Vettel regrets getting too close on Belgian GP restart as F1 points lead shrinks

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Sebastian Vettel says his pace at the restart of Sunday’s Belgian Grand Prix following a safety car period was “too good”, inadvertently costing him the chance to deny Formula 1 title rival Lewis Hamilton victory at Spa.

Vettel qualified second in Belgium and tailed Hamilton for much of the early part of the race, with a small gap emerging entering its final quarter.

A safety car period bunched the leaders again, with Vettel fitting the ultra-soft compound that looked set to give him a pace advantage.

A perfect restart allowed Vettel to draw right up toward Hamilton’s diffuser on the run down to Eau Rouge, only for the German to get too close and have to ease off, costing him straight line speed that may have allowed him to pass at the end of the Kemmel Straight.

Without this edge, Vettel could not find a way through, with Hamilton pulling clear to take his fifth win of the season and cut the gap at the top of the drivers’ championship down to just seven points.

“Obviously I knew that we had a tire advantage with the ultra-softs versus the softs for the first couple of laps and particularly the restart,” Vettel said.

“You could see exiting Turn 1 I was all over Lewis. It was not so hard to follow so close, maybe that was the problem, my restart in the initial part was too good, it was too close.

“For sure if I had to do it again, maybe I would try something different. We know that they have a very good straight line speed, and in qualy mode at the start of the race, I obviously felt how strong they were up the hill on the start. So I didn’t want to be too far either.

“Finding that optimum is difficult. Lewis also lifted a bit going down to Eau Rouge, which I think he could afford because he knows he’s got a very good top-end speed.”

While Hamilton and Vettel were not engaged in much direct battling on-track, the Ferrari driver enjoyed going toe-to-toe with his championship rival.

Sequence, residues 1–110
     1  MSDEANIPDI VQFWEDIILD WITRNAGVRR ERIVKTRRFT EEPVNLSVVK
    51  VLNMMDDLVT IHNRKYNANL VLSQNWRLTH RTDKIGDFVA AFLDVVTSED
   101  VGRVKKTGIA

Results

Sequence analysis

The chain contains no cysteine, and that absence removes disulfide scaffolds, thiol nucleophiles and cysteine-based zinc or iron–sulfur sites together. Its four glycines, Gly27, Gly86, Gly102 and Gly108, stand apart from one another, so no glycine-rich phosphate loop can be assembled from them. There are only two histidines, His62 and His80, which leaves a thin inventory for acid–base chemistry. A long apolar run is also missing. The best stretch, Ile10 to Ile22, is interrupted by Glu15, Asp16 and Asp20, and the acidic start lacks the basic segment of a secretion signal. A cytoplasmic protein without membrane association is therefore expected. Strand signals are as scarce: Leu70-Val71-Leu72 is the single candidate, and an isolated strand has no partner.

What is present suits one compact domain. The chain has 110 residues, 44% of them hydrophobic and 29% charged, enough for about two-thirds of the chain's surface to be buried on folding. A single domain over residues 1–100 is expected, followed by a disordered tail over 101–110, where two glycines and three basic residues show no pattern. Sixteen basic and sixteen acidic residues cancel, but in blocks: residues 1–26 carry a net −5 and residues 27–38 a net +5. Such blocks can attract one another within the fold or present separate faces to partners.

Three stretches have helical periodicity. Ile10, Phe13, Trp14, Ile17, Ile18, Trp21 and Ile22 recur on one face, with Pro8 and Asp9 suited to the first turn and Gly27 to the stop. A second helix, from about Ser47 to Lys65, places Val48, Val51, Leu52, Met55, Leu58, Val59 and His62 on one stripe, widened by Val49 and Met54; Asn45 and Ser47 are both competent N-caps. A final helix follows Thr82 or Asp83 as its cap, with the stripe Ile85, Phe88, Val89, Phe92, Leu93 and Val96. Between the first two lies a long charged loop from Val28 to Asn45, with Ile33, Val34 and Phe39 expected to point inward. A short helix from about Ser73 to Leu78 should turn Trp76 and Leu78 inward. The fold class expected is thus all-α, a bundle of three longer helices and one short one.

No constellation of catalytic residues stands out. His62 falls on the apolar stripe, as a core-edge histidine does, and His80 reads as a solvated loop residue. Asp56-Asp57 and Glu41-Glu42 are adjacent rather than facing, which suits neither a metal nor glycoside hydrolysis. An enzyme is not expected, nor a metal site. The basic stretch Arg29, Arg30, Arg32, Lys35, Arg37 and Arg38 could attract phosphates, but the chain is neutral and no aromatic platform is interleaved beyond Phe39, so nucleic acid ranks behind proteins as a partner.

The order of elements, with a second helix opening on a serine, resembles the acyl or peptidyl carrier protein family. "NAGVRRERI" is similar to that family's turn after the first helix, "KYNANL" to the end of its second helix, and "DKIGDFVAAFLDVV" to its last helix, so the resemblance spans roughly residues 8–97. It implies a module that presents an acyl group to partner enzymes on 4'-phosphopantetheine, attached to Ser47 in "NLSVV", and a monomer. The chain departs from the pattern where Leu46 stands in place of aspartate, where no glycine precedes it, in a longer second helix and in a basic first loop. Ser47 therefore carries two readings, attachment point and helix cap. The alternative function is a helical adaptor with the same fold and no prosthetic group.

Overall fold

“Overall it was a very good race, very fun. Obviously not that exciting probably to watch because we were very close but nothing happened,” Vettel said.

“But good fun in the car because I was waiting for him to maybe have an error, he was waiting for me to maybe have an error, an off. It didn’t happen. The quality was very high I thought. Very consistent lap times despite the tires.

“[I] never really had a chance, so maybe half a chance, quarter of a chance. I think the positive thing is that we had very good race pace. It was very difficult to follow in the middle sector, but we stayed close, then we benefitted a little bit in the first and the last sector, but overall the car was very good.”

Ferrari had been expected to struggle at Spa given the similarities with Silverstone, another high-speed circuit, giving Vettel a boost after proving the critics wrong.

“I think we didn’t change too much compared to Silverstone, which shows on the one hand that Silverstone was just a bad weekend,” Vettel said.

“But it shows we improved the car also, especially race pace, very strong when we were on average a second off at Silverstone. So it’s a big step.

“So I’m very, very happy. I think we’re on the right track, and I don’t think we have a circuit we should fear going from now.”

Mario Andretti says Colton Herta could be next American star in F1

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Mario Andretti’s last Formula One victory is also the last by an American driver in more than 42 years on the international open-wheel road racing series.

If you had told Andretti that while he was celebrating on the Grand Prix of the Netherlands podium on Aug. 27, 1978 at the Vandzoort circuit, he wouldn’t have believed it.

“Absolutely not,” Andretti told Kyle Petty during the most recent “Coffee With Kyle” episode (video above). “It’s a shame. Somehow we have so much talent here, and either there’s no invitation or something there. But I think it’s time to give some of this young talent that, in my opinion, is absolutely capable.”